Death to the oral tradition
March 23, 2009 § Leave a comment
Philip Larkin on the problems with poetry readings (from the Paris Review Interviews Vol. 2):
“Hearing a poem, as opposed to reading it on the page, means you miss so much- the shape, the punctuation, the italics, even knowing how far you are from the end. Reading it on the page means you can go your own pace, taking it in properly; hearing it means you’re dragged along at the speaker’s own rate, missing things, not taking it in, confusing there and their and things like that. And the speaker may interpose his own personality between you and the poem, for better or worse. For that matter, so may the audience… I think poetry readings grew up on a false analogy with music: the text is the score that doesn’t come to life until it is performed. It’s false because people can read words, whereas they can’t read music. When you write a poem, you put everything into it that’s needed: the reader should hear it just as clearly as if you were in the room saying it to him. And of course, this fashion for poetry readings has led to a kind of poetry that you can understand first go: easy rhythms, easy emotions, easy syntax. I don’t think it stands up on the page.”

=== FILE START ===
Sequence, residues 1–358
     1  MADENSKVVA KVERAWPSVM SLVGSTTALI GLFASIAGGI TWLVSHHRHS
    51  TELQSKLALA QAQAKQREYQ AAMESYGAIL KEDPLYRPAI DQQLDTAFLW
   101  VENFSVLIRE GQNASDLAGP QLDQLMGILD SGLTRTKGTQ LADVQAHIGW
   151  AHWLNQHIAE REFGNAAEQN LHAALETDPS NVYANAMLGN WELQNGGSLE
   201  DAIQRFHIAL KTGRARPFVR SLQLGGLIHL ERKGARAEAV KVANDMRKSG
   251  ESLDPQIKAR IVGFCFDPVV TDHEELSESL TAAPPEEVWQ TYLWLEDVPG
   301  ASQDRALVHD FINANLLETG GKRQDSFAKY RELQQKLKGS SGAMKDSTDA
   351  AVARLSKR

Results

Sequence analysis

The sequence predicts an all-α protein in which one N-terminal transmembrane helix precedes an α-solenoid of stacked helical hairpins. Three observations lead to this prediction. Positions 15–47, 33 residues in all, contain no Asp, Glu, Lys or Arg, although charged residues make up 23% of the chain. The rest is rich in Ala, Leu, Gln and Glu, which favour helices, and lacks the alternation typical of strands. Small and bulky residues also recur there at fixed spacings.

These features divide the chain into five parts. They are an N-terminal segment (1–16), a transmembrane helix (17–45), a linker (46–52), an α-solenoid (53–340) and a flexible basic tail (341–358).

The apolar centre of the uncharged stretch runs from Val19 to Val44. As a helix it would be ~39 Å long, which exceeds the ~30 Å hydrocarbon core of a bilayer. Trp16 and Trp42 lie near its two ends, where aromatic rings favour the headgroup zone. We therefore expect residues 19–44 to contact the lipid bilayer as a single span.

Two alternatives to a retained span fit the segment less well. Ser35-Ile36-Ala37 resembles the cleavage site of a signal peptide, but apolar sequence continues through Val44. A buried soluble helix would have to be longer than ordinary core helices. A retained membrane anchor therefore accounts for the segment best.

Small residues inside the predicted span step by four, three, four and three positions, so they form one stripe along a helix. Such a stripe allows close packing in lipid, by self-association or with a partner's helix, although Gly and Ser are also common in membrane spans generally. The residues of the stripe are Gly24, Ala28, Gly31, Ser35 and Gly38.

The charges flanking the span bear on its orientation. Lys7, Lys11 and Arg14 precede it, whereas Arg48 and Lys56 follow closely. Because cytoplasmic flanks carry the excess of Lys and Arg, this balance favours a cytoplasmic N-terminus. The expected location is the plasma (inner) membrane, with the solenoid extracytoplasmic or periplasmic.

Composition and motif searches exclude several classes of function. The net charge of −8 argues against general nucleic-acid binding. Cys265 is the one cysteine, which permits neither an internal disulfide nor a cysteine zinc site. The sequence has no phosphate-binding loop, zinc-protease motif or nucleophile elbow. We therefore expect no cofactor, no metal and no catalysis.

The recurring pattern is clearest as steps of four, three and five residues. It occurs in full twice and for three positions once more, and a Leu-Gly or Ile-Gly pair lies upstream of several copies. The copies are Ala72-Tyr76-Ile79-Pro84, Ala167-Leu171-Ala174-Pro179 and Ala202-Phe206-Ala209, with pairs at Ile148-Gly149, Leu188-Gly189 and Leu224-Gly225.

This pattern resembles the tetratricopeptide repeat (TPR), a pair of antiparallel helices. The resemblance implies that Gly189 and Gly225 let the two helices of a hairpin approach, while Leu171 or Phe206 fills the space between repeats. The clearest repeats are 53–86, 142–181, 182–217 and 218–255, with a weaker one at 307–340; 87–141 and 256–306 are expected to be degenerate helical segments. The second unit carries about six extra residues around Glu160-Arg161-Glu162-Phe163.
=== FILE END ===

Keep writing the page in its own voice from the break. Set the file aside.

Whilst there are glorious exceptions to this, I am generally in agreement. The same is broadly true of prose readings, which I continue to do, but am almost always dissatisfied with. I don’t think I read badly, and maybe some people enjoy it, but the plain fact is that I don’t write stories for them to be listened to. I write them to be read. I don’t want my work to be judged on the strength of my performance. The test is whether it stands up on the page.
Stand by for more reactionary announcements.